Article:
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The Ortonville Independent
Ortonville, Minnesota
October 5, 1922     The Ortonville Independent
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October 5, 1922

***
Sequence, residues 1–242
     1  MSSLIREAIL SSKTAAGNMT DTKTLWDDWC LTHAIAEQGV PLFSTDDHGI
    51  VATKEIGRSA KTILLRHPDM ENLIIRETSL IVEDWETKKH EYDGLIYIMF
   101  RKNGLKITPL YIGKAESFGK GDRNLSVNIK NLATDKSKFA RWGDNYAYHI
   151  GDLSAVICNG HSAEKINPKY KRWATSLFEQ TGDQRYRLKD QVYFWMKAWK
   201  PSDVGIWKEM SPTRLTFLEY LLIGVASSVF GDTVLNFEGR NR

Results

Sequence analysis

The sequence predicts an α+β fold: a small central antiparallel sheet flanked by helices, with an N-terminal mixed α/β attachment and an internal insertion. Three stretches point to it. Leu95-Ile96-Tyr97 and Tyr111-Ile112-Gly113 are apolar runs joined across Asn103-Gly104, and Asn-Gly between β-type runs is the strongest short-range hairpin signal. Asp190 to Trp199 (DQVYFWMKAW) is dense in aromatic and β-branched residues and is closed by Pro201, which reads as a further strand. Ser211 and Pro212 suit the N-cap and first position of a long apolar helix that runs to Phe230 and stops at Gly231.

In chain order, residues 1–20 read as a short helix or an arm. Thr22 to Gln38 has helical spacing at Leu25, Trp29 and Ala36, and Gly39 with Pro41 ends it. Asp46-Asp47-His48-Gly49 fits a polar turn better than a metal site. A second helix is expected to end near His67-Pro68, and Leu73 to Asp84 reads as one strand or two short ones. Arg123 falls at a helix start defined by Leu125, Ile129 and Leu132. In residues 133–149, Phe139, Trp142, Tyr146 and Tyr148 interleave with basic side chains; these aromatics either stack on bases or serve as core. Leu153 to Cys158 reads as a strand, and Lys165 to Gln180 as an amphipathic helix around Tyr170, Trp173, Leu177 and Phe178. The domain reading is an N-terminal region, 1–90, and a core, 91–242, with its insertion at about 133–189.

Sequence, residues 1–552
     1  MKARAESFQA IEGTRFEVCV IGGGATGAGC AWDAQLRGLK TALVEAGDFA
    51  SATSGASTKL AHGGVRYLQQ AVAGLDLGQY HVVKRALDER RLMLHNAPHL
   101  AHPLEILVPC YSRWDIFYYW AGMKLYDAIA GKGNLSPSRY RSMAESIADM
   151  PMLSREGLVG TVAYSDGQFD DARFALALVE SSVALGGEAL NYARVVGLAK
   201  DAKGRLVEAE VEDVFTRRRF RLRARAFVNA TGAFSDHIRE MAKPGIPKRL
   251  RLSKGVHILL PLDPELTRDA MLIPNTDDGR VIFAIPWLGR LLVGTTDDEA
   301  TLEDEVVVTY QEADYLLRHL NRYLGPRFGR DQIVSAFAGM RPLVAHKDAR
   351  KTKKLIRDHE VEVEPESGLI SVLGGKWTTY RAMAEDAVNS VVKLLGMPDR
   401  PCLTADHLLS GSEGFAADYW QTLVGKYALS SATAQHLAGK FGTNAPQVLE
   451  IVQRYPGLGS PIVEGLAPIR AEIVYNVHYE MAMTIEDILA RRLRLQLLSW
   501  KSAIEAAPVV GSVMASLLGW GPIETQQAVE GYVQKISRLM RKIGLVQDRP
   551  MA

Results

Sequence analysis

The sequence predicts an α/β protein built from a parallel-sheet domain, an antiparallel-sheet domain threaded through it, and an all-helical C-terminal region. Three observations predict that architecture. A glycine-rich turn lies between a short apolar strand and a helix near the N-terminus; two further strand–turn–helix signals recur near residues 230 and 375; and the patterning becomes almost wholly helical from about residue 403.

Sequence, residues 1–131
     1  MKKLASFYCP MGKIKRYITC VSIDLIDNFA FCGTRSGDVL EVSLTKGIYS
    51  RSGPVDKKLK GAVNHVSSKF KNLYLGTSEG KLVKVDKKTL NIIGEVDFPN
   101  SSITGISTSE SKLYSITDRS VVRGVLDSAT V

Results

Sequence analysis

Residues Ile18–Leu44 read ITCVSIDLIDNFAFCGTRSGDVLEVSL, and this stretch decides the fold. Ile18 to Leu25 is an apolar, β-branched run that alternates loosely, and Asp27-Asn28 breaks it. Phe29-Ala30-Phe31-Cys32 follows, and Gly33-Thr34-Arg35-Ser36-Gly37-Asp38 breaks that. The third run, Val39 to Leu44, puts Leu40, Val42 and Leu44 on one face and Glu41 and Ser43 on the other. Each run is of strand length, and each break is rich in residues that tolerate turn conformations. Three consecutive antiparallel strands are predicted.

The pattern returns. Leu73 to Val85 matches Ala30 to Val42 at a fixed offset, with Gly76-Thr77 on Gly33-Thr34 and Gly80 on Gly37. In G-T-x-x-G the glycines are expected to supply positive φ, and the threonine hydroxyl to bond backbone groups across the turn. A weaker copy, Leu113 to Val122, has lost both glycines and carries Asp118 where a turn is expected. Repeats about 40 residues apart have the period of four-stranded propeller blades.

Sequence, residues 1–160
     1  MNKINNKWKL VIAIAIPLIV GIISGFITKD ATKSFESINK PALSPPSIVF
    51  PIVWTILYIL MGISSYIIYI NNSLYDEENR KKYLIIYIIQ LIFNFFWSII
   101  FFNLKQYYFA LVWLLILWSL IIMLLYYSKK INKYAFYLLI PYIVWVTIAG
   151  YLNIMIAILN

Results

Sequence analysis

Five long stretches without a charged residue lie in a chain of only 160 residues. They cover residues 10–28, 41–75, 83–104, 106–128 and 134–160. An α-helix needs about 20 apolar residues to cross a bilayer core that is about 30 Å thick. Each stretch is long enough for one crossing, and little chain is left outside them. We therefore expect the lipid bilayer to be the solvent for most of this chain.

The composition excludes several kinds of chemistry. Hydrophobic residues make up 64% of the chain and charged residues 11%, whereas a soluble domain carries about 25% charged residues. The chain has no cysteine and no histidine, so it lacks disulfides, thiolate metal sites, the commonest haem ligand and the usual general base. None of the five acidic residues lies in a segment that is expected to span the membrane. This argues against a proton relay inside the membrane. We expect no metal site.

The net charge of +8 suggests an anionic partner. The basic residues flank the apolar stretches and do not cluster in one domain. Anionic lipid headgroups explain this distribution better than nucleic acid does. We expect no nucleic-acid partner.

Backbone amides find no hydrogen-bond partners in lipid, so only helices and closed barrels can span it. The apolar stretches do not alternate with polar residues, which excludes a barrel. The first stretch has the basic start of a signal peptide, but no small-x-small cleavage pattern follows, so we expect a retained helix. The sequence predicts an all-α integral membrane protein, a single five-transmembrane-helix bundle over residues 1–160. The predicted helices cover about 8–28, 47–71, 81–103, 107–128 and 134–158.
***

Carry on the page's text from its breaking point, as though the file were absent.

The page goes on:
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P THE ORTONVILLE INDEPENDENT IPAG]I E E)OUBLE PAGE FOR WOMEN lilllllllll ,SIONS liilll|llililill k :it i one may laugh at air. t When occasion calls of dressier mien. at the club to when on6 charmingly at- with a pure of the knit- the big thonght of discrimi- the chic It is knit- tweed and can be new autumn tai- sleeve of this slip- With belt which white button. has expressed iu especially In a weaith of of tinsel. of Wool in gay Solid knit fiber Pure white sitk also&apos;strange India -'orsef fn the past increased 50 BRIDESMAID dr6J is lace in seal. With the with a of flowe.r Btar ; dndow-bar a falling with a quick it passed star, now curly head, nonQ belw SOUTACHE BRAID ON DRESSES Interesting Revival Noticed in Use of Decoration; Favorite With French Designers. There has been a mot interesting revival of the use of soutaetm hraid. On any number oi: the newer frocks this form of trimming can be seen. Tll)/l'e is r<,w after row of braid sewed npotl the en ls of (:liil')n sleeves, so that, while they gie an entirely transImrent effect, tlwy have at the .alile tim? thqt n((,e:4try heflviness which goe h* ive a st .'eve of Ibis sort its l,al'tic!lhlr portion of styD*. , A gt'ly dl'fa:S of serge lard chiffon sleeves (,f tile ,<anis (.1)r "111d titan tile NrHI[HChe IH',.!diD, "W[IS t]011(2 iI1 Idack on the en,ls of ihe sleeves. P,r;id- ing in dai'k reen was added to a l!zhter green frock, alld th(* i ;o: hraiding on dark 12ue is smethh;,d that i :',s K,I this s,.,,'c.o|l v, it h'ls hPe dill'inK l!lat/y ohor seaports iI1 Ins l;aSt. The F'rench designers are using this tin3' braid ta maI;o all-over e,:)broid*r,:d designs, and ne .f L'ulvin's most successful Ino(lcls Of the S}IteaOII is n-rode with a litth: white short-sleevel coat. which siov:-s its surface enth:c-- ly covered with braiding of this sort. Suggests Days of 1700. Together with the short coates, the long Eighteer:tlt century coat or re,l- ingots is cornin int favor in Lot_don. Worn over the fuller and longer skirt, the redim:oto is a graceful garment. It is particularly good fashion for the elder, woman, especL',.tly if she happens to be Idmnp. A guy waistcoat, a long waistline and much ornamented sleeves and collar re features of this fashion, hich is strongly reminiscent of the romantic days (ff the 170(rs. NAVY Y)COTL'(E WrT-Hs(gfl This outfit is of navy tricotine trimmed in block fashion with gray braid arouud the bodice, sleeves and entire skirt. The sash is of gray mate- rlal to match the trimming. FOR THE. SEPARATE SKIRTS 8elf-Fringe One of 8ealn's MOst Poilular Trimmings; Fabric is Merely Raveled Whether the mhterial Is of cotton, wool, or silk, 8o long as It Is a loosely woven and rather heavy mesh. self- fringe is6ne of the season's most popu- lar trimmings for separate skirts. The abric is merely rayeled to form a fringe as deep as ts desired, then the Mge Is over-cast or "whipped" and there you are ! A skirt which features thts trim- ming most effectively, has three tunics )r plain flounces raveled and finished it its edge. It was shown In a coarse mesh, white silk fabric, the slit pockets being finished with little self fabric straps caught in the center with metal filigree buckle. With this skirt ls worn an interest- ln sester, knRted on Tuxedo lines, but without the usual revers and col- li-. The sweater was In brown wool, with .fft&i- ika o oi tan nish- ln in .ront. The sleeves had ribbed fl eolor are playing an Import- ant part in the new separate skirts, many are entirely In one bright shade. such as Jade or grass green, poppy or spark red. orange or dandelion yel- low, while equally as many $ve in a bright checked or striped silk. Plain skirts are taking precedence over the pleated ones this season, and there seems to be a vigorous leaning to all white as well as to the bright shades. More linen skirts will be worn, accord- ing to indications, than for several year s -- Vivid-Hued Ccetume Parasols, hats and work bags of cretonne to match the vlvid-hued sum- mer costumes are smart and certainly not expensive to make. / WEAR BEADS AND-ffRACELEI Women Still Give Preference to Costume Jewelry Which In- cludes Great Variety. i Costume jewelry Is the one fad of the season, with a leaning toward the semi-precious stones. The Staff,'d- shire pottery beads in their soft (,oh)r- in's have been ued. and the Wede- ood beads would he popnlar if they were n,)t so difficult to procure. Ito:k crystal and onyx, or qrystal -d,mc is worn by the matrons and if there is one dominant n.te in the bead v'orld it is the re')ival of v.mhvr. Never Ires SO nlllcll .a;nl;er t,een s(.(.n gin this st, a- Soll, ap.d it t'ariges in color from the cl(,udod pale amber to the dark col- ored strings of (:l-at r(mnd alnb(er un- slit h(,ads" which fall below the waist. Ivory beads carved and plain and white col'al COIDL' next in popularity, " and tho<e wea.rin: mourniu clin to the beautiful eh'!ins of Widtby Jet. , mle S,'otch Cairnorm pins are worn, with <i]ver lnrmntings and topaz and amcth.vst settings. A ('hain of amethyst set iu silver makes a very atlractive cOStllln[ decoration, while oval unpolished topaz is most nnique. Italian beads are worn -n a black silk cord, strung at intorvals, or on lmlf-inch black ribbon with a large china pendant for morning with ging- ham or {mile frocks. Bracelets run the gamut, but Chi- nese braoelets of lass In Jadc, black and goldstone effect are worn, some- times two or three together. Bangle bracelets are most popular and strands of fine pearls come next tn popularity. A carted and twisted sake brace- let of dark tortoise shell is won with hoop earrings of tortoise hell. Car- nelian cut bakelite tn vivid searIet and green has heen adopted for wear with lastime stilts of green and white stripe. Black pearl tassels wfth dia- mond studded pearl, hung from a black silk cord are affected for eve- ning wear. 15ahoy Celluloid girdles matching sweaters in contrasting color are worn by the youner set, and a few gir- dles of cut steel circles or diamonri. held together with fine steel chains file also 'orn with swcat(rs and once- piece dresses. Huge onyx m,d crys- tal rtnzs are used for hatpins. / Tiny bead bgs. matchin frocks tn " color are used, those having the round colored celluloid tops leading in favor. t / VEILS OF CREPE DE CHINE -Material Offer More Protection Than Chiffon for Face Covering--Match Hat or Frock. Veils are coming back strong, and many of the small traveling hats are wreathed with veils, both of the large meshed French type or of chiffons. The latest things In veils worn at re- sorts as the sun grows brighter are of crepe de chine, very thin and sheer with henstitched ends, matching In color either the hat or frock, and worn as protection for the skin. as being nore practical than chiffon or georgette. Some leading society worn- - en made helr Own very long costume veils from voile printed in gay colors and wore them with frocks in one of the colors of the veil. One veil In black had magnolia flowers and green foliage printed upon It to accompany a frock of Jade crepe Roma and hat of green horsehair braid with one or two wax magnolia flowers peeping over the brim. Some large square French veils with open mesh have borders of chif- fon hemstitched on and are worn off the fhce, and occasionally one sees one of these draping a hat, while over the face is worn a fine French com- plexion veil. Widow's veils In white chiffon have extremely wide borders of white crepe. , Planked Ham With Olives Place mashed potatoes attractively around a slice of fried ham, then fill the center with one-half cup chopped Spanish green olives and peas.. Place a whole stoned olive on each mound of potatoes. You will find this a very tasty dish. Normandy Salad Dice three cuctmbers and three har&boiled eggs. Add one cup of chopped Spanish green olives and one half cup of pecan nut meats. Serve in hearts of lettuce leaves garnished with mayonnaise, Minced Lamb With 011ve Toast small pieces of bread and place them where they wt!l keep hot. Remove the skin and gristle from the lamb and chop_the meat. Add gravy to moisten. "laen add about a half cup of chopped Spanish jsveen olives. Season with pepper and salt. After a thorough heating place it on the toast. Arrange on a platter. Dutch Salad Wash, split and bone six anchovies and doll each one up. Dice one cup bologna sausage, one cup cold chick- en (or any cold meats), one-half cup beets, one-half cup gherkins, three cups cold potatoes. Aid one table- spoonful capers and the yolks and whites of two hard-boiled eggs mine ed seperately. Mix all ingredients- well, and place on top twelve stoned Spanish green olives and the ancho- vms. Beat together olive oil and vin- egar seasoned with mustard and pep- per and pour over all. 7be K00C/I00 ( Io22 by ' esters Newspapur U on.) The richest ,nan, whatever lts lot, Is he who's content with what he's got. "I'Ill tir,ed of 'n',;.tri'ts,' " said Dorothy D, "l'm tired of 'munts' as i can he." A CHAPTER OF DON'TS Set the disims left from baking at plies into the sink 'rod put them to soak; don't let the lood dry on. I)on't put egg dishes into lint water; it cooks the egg on to the dish. Soak in cold water. Don't pour boiling wa- ter owr c!)ina =or glass; it laay not e;aek at the tlme, but it wail drop off when least expected. Don't forget to dash on cold uatcr on a spot of grease spilled on thr2 /lo,,r or wooden table. It will hardell and most of tlt grease can be scraped off. Don't lay a greasy spoon or f,rk ou the table or stove; use a small tray or a pie tin; this will hold a number of utensils and save the table. Don't use slher spoons or knives about the stove for cooking; cteap ones are made for such purposes. .Don't pour boiling water on grease spots or greasy clothes ; wash in cold water with a bit of soda. Dish towels treated this way will keep sweet and wlflte. Don't allow the soap to soak in tubs or (Iish pan. Don't dry soldered dishes on a hot stove, or put bright tin dislms into greasy water ; it dulls them. Don't use steel knives or forks on fish, as the steel gives an unpleasant taste to the fish. Don't salt meat before cookinu; walt until it ts well seared over so that the juices and flavor ql be re- tained. I)on't forget to use at once hot com- presses on a stiff neeR. Witch hflzel should be applied every few minutes by saturating a cloth and he'tin;z it on the top of a range in a shallow pie plate. Don't blacken a ove while hot, if tt all. Simply wipe it off with a damp cloth kept for that purpose, flip- ping it in slightly greasy dishwater. This treatment two or three times a day will keep the stove in good ap- pearance. I;lood blains should he soaked in cold water, then washed as ummL If very obstinate, apply hydrogen perox- ide and sunshine. Don't forget to use a good antisep- tic on a small wound; such treatment may save a life. Haxm and Olive Sandwich Filling To a good bowl of minced ham, add onelarge bottle of stuffed Spanish green olives. But through mincer, mix with mayonnaise salad dressing and spread on lettuce leaf in sand-- wich. Very dainty. If you are right ninety-nine times and wrong once, the world will always I remember' the time you were w?ong. My Bonnie leaned over the gas tank, The heights of the contents to see He lighted a match to assist him-- Oh! bring back my Bonnie to me. The Sleeve Question. In the qdvance models, wlde sleeves seem to Le nlore favored than the lon, tight ariety, Decorated sleeves, ecording to (;me house will be ns well liked as ever, nnd they wil'l .on- ttnue to be of a omtrasfing fabric. A Warning ()ne hand was all he used to steer The other hugged Myrtle; They did a skid, and then, Oh, Deax| The beastly car turned turtle. Scene: Courtroom "How long were you acquainted with your husband before you mar- ried him?" demanded the attorney of the fair petitioner for a divorce. "Oh, I didn't know h at all" uhe reg]ied With emphasis. "I'll say I did-. n't!" For Sal at yur Deler Made in five Zrrade . ASK FOR "rile YELLOW PF.CIL WITH THE RD BAND EAGLE MIKADO EAGLE PENCIL COMPANY, NEW" YORK Lts'sen, Peggy eery trudder git, v. h.'" kiddiea KTLLOGG'S be. #reat bi bols an' tt, cy tuste th2y're all crlepy ard daadyl" Rakes jWo0000lv e00iapyo0000r,c00y T!mffs why big and Httle folks who mow te differ- ence fisist upcn KELLOGG'S! The thing to do is ta tke compa=!sonKcHoggs against any other kind of corn akes you ever atel If it's omllity, or all-thc.tim eri:azs cr dellcicus or appetizing lavor you want-- wd!, just wait t!l! you eat Kellogg's! .And, what a de- light to kw they're never teatheryl . Yc,! get ,':o cl:erfv.1 about Kellogg's that the day'it est 'ours wilt be cohen it's time to sit down with tim family in front cf generous bowl all filled most to burst- Lag with thoo big, sunny.brow Corn Flakes! Never ' was a better time than tomorrow morning to prove that KELLOGG'S Corn Flakes are about the "gladdeSt of all good things to eat." Insist upon KELLOGG'SthO kind in the RED and GREEN pack age---if you want to know how woo,, deffully good corn flakes can be| com00 Abe mkers d KJEIXOGG'$ FdUMBLES und ELLOGG IL,  aid rtmM ] A Sign of Interes The Gold & Co. State Bank favors any ac- tion that tends to increase production or better conditions on the farm. - We want every farmer in Grant county and vicinity to feet free to take advantage of our facilities for helping him in this con- nection. Our expert advice and experience is yours to command. Prompt action will result-,-to your-entire satisfaction. , i i ji i i iii i " 11 iii